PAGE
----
Carol Channing: Larger Than Life
- Director: Dori Berinstein
- Cast: Documentary
- Rated: PG
- Running time: 87 minutes
“I’ve never heard anybody say anything mean about Carol Channing,” Barbara Walters tells the camera in Carol Channing: Larger Than Life. If anyone wanted to, though, they wouldn’t find a place to say it in this documentary, the latest from Dori Berinstein (of ShowBusiness: The Road To Broadway and Gotta Dance). Larger Than Life is an adoring portrait of the now 90-year-old, still-ebullient musical star best known for originating the title role in Hello, Dolly! Given that the majority (if not the entirety) of viewers likely to seek this film out are devoted fans of the actor, singer, and comedian, the soft touch makes perfect sense, though anyone not already lined up at the altar of old-school Broadway will find the film slower going.
Loosely pinned to Channing’s preparation for the Kennedy Center Honors salute to composer Jerry Herman, Berinstein’s film burrows through Channing’s life, from her early stint at the Tamiment Playhouse to her arrival in the role of Dolly Levi, whom she played on Broadway and on tour around the country. Larger Than Life flips nimbly through footage from different eras of Channing’s career—one of the best sequences starts with her onstage in the present day singing “Diamonds Are A Girl’s Best Friend,” and cuts the rest of the song together from performances through the years. The film diplomatically skirts over rough patches that could have used more examination, like Channing’s displeasure with Barbra Streisand playing Dolly in Gene Kelly’s 1969 screen adaptation, and dwells a little longer than necessary on Channing’s late-in-life reunion with her childhood boyfriend Harry Kullijian (who’s since died), a sweet story that nevertheless slows all momentum with middle-school recollections.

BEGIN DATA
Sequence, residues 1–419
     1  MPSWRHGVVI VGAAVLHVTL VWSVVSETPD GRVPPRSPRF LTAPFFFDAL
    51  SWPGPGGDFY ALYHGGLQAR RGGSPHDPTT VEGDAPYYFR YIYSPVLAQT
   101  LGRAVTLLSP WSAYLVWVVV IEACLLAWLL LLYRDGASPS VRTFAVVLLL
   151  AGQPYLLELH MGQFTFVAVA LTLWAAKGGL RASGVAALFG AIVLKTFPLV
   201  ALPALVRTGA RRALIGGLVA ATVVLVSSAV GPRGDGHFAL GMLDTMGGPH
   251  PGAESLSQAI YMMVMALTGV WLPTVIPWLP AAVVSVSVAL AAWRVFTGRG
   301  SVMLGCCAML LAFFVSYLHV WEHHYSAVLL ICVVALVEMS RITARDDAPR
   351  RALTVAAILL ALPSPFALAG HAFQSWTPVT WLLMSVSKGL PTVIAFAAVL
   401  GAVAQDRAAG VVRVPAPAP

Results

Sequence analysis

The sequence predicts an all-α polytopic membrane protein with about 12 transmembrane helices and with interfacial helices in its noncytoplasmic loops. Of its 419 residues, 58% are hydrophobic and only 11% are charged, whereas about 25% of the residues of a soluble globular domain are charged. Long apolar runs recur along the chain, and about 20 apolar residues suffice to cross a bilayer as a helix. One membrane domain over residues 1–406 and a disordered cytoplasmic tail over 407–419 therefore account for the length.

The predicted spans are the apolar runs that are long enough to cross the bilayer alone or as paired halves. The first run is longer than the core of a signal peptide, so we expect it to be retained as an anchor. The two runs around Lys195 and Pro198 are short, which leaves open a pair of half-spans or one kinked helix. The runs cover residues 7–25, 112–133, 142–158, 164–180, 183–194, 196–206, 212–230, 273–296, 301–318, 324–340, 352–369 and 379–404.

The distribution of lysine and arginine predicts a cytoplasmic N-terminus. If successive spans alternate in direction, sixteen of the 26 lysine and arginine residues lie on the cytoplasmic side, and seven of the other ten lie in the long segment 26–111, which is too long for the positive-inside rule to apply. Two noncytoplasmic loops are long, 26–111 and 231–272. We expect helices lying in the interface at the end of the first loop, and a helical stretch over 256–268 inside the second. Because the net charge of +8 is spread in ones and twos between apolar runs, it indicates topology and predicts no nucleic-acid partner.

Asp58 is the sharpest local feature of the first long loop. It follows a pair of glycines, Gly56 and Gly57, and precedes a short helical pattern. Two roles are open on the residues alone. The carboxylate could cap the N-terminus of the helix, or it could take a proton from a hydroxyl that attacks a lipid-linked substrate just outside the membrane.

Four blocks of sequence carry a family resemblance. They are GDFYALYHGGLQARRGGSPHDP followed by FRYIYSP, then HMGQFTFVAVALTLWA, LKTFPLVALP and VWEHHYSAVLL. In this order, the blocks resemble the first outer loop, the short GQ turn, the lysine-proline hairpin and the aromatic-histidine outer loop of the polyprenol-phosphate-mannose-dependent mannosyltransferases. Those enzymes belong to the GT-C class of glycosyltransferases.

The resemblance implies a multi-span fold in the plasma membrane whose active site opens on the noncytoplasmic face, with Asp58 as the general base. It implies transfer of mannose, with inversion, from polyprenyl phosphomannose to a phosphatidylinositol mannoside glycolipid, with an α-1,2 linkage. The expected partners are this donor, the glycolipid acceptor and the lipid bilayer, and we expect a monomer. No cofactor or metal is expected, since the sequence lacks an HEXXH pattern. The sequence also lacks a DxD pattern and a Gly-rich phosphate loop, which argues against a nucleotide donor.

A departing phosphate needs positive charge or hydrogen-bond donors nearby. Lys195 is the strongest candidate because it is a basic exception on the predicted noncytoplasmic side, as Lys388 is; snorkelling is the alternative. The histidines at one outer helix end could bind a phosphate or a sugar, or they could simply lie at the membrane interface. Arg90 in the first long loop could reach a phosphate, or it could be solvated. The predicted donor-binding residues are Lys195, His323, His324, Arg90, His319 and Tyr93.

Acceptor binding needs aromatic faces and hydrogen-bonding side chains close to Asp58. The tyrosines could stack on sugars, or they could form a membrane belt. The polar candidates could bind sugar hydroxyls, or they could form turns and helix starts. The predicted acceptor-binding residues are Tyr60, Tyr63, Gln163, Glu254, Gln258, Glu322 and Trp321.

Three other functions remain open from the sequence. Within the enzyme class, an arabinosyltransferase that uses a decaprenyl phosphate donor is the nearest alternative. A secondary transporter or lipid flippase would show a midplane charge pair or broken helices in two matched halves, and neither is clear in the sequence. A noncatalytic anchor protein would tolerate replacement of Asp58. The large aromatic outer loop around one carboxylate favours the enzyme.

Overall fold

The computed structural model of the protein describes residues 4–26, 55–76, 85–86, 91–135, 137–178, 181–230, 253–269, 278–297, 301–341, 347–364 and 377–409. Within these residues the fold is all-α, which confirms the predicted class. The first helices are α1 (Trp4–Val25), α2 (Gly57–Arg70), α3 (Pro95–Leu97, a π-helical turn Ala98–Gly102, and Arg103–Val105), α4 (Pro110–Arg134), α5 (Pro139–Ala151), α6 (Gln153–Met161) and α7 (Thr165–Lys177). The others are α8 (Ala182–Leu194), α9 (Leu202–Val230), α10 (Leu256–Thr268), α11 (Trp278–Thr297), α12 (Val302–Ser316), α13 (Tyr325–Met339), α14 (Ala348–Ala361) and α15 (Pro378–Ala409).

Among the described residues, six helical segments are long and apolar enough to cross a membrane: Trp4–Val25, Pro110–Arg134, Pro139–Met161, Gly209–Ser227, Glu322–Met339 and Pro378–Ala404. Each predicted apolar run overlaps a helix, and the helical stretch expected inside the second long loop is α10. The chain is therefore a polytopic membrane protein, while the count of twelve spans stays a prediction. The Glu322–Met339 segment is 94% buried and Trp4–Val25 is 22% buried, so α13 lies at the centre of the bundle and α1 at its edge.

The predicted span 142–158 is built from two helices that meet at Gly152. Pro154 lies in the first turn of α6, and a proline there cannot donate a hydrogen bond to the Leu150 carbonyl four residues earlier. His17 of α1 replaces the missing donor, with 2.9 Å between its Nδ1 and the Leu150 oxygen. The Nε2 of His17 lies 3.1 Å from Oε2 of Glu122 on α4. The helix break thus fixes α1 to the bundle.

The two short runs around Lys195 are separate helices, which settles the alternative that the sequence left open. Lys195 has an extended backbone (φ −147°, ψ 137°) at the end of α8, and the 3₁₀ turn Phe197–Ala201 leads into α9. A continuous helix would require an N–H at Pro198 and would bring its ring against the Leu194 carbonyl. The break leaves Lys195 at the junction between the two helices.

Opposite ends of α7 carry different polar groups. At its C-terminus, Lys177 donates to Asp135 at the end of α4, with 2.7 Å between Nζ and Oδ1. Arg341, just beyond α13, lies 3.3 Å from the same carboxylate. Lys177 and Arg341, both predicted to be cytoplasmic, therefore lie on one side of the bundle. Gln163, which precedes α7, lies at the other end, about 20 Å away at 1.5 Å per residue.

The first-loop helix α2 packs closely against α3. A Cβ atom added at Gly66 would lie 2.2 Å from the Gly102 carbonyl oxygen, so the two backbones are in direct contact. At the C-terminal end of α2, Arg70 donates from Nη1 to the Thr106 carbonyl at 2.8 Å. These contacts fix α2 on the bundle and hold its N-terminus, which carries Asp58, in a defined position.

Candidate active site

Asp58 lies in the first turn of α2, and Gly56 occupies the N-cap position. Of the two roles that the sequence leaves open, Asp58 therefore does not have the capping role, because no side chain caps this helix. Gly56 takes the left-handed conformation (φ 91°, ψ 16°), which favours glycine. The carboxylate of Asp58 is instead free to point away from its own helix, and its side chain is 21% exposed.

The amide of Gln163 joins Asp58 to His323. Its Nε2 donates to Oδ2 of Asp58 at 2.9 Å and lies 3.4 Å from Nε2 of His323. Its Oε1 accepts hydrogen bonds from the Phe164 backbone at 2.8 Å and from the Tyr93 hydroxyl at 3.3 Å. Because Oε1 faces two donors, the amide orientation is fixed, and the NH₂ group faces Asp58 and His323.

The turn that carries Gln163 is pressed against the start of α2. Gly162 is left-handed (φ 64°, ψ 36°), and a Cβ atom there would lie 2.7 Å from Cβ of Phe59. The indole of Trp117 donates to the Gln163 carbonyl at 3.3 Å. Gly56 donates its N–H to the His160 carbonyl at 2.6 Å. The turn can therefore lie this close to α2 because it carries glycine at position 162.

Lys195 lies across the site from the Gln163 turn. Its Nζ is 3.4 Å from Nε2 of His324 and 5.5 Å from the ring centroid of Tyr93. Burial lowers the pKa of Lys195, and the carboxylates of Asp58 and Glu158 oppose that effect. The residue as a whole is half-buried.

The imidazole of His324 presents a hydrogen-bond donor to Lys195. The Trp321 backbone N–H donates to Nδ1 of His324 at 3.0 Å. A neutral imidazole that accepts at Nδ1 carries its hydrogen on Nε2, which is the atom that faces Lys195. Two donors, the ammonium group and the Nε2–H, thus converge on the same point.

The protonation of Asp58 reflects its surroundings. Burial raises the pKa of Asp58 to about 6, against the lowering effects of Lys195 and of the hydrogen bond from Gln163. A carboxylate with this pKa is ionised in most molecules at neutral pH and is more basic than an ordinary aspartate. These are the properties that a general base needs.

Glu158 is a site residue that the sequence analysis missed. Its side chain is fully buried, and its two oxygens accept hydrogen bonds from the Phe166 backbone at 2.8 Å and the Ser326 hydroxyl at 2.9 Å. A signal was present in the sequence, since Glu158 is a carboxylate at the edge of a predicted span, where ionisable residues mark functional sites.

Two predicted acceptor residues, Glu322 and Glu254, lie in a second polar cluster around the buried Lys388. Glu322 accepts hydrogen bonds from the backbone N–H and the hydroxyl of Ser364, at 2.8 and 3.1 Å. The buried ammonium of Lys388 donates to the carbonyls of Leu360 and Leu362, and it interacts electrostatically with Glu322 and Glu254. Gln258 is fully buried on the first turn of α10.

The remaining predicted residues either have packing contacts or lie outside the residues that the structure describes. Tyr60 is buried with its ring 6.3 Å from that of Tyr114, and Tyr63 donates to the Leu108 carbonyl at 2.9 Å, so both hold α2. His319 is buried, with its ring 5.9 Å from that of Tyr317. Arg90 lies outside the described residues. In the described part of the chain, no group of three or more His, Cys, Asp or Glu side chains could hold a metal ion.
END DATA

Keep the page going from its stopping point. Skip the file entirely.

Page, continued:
Larger Than Life provides a look back at a time of show business and stardom that no longer exists. “It doesn’t matter what the name of the character onstage is, it’s always Carol,” one interviewee offers fondly, suggesting that even offstage, Channing is always inhabiting her own persona. Her former understudy discusses how Channing never missed a performance; her devotion to the work extends to tirelessly helping promote her shows at events and in the press while on tour. She’s always ecstatic to have a crowd to perform to. Through all the glowing interviews with the likes of Bruce Vilanch and Debbie Reynolds, the undiminished pleasure she still gets from taking the stage shines through, a rare and gladdening quality in the current age of celebrity.